The streetwear world was rocked this week by the news that historically-inaccessible brand Supreme, frequently called the “Chanel of streetwear” had been sold to VF Corporation, owner of Dickies, Timberland, Vans, and the North Face.
The deal, which sets the iconic brand’s value in the realm of $2.1 billion, raises a lot of questions about what Supreme looks like in the future. If you have a brand based on scarcity and exclusivity, what happens when it goes corporate?
For their part, VF says they won’t be making major changes; Supreme’s leadership will stay in place and the brand will remain headquartered in New York. And this has seemed an inevitable progression on Supreme’s part since they started taking private equity investment in 2014 — and, notably, selling a 50% stake in 2017 to PE juggernaut the Carlyle Group.
Some analysts see this as a pivot for Supreme away from their dalliances with the luxury market and back towards their East Coast skate roots, which would put them in keeping with general industry trends; others seem certain this is an inevitable trajectory away from cool. Yet others are framing it as “just another sick collab” — so it remains to be seen.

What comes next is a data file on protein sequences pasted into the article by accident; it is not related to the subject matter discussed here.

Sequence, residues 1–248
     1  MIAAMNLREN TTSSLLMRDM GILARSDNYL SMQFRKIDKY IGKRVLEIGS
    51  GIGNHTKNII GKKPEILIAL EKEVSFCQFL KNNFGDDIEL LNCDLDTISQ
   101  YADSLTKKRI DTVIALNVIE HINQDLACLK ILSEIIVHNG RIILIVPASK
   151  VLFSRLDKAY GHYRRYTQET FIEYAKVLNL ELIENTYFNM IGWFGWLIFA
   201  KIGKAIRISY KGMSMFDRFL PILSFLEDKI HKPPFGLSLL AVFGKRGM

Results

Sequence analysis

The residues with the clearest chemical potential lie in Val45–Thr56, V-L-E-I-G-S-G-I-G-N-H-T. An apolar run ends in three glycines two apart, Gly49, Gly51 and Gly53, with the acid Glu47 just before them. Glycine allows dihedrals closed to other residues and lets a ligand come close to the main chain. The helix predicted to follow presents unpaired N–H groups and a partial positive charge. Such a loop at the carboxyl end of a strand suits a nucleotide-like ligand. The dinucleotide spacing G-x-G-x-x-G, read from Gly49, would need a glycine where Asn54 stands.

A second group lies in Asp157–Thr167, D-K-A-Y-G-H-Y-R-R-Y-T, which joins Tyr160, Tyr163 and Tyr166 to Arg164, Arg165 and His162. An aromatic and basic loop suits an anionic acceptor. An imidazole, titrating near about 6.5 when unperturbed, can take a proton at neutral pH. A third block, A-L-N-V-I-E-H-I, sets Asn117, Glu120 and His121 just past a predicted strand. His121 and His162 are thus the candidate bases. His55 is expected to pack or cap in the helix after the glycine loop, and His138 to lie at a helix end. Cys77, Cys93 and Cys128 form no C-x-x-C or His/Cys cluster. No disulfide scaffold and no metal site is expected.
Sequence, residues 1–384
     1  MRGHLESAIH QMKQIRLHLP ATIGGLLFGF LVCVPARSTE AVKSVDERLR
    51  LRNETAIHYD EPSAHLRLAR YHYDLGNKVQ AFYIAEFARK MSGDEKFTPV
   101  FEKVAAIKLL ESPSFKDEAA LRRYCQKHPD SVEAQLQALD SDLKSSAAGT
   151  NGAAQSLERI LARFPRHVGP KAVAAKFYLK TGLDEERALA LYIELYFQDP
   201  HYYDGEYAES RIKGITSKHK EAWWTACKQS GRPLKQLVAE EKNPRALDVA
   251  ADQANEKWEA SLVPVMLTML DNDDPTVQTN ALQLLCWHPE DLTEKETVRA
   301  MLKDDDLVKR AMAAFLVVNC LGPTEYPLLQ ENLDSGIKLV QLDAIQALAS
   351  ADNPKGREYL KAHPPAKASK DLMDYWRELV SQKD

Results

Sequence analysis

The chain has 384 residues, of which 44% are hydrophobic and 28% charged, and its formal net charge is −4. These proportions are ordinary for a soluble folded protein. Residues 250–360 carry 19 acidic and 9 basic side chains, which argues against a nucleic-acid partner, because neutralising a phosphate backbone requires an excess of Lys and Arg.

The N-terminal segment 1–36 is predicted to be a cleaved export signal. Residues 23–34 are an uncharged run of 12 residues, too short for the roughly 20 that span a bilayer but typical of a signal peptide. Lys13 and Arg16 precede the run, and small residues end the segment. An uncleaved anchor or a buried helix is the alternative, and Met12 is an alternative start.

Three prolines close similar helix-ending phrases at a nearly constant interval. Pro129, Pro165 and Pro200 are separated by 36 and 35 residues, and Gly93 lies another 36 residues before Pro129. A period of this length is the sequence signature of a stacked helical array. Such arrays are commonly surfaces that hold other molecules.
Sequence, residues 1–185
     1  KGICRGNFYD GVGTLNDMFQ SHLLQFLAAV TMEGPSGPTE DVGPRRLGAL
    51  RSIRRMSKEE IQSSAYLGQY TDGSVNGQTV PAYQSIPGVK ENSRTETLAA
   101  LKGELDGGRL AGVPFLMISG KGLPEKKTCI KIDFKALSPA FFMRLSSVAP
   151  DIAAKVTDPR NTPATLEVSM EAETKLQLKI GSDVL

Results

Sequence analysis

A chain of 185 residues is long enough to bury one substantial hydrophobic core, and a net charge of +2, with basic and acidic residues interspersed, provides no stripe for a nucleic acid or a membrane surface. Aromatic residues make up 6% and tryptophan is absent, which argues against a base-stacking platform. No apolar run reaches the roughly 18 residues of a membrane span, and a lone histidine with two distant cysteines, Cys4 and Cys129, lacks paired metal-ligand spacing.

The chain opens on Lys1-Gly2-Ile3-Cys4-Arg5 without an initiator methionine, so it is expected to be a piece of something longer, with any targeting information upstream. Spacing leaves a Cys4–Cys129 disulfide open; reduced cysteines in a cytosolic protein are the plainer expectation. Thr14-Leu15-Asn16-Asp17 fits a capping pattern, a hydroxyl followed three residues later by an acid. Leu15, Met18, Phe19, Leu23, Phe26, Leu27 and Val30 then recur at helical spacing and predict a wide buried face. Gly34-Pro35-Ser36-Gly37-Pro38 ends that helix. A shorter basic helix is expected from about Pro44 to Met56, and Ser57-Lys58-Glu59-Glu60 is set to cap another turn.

Street artist Futura earned his cred on the rails of New York in the 70s and 80s—a product of the same “subway school” of artists that carried Jean-Michel Basquiat and Keith Haring to instant acclaim. He’s a collaborator extraordinaire, historically known for his willingness to blur the boundaries between street, gallery, and commercial work — and his work makes it clear that commerce need not dilute creativity.
In honor of our Nike SB Dunk High “FLOM” drop, Eileen G’Sell profiles the New Yorker’s New York artist, and his history of creative collaboration.
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